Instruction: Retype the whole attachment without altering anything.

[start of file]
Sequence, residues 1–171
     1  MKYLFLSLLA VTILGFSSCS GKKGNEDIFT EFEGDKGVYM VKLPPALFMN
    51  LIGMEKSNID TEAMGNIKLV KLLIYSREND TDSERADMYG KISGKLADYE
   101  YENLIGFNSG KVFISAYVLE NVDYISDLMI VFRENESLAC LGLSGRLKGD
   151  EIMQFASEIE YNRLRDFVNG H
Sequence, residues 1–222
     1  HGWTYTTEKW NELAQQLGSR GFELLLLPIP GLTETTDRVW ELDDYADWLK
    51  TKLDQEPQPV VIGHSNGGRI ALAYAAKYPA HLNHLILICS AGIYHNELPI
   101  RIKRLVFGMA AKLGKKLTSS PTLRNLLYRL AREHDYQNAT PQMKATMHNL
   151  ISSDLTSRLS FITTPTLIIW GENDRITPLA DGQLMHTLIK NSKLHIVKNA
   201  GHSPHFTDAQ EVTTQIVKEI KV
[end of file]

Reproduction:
Sequence, residues 1–171
     1  MKYLFLSLLA VTILGFSSCS GKKGNEDIFT EFEGDKGVYM VKLPPALFMN
    51  LIGMEKSNID TEAMGNIKLV KLLIYSREND TDSERADMYG KISGKLADYE
   101  YENLIGFNSG KVFISAYVLE NVDYISDLMI VFRENESLAC LGLSGRLKGD
   151  EIMQFASEIE YNRLRDFVNG H
Sequence, residues 1–222
     1  HGWTYTTEKW NELAQQLGSR GFELLLLPIP GLTETTDRVW ELDDYADWLK
    51  TKLDQEPQPV VIGHSNGGRI ALAYAAKYPA HLNHLILICS AGIYHNELPI
   101  RIKRLVFGMA AKLGKKLTSS PTLRNLLYRL AREHDYQNAT PQMKATMHNL
   151  ISSDLTSRLS FITTPTLIIW GENDRITPLA DGQLMHTLIK NSKLHIVKNA
   201  GHSPHFTDAQ EVTTQIVKEI KV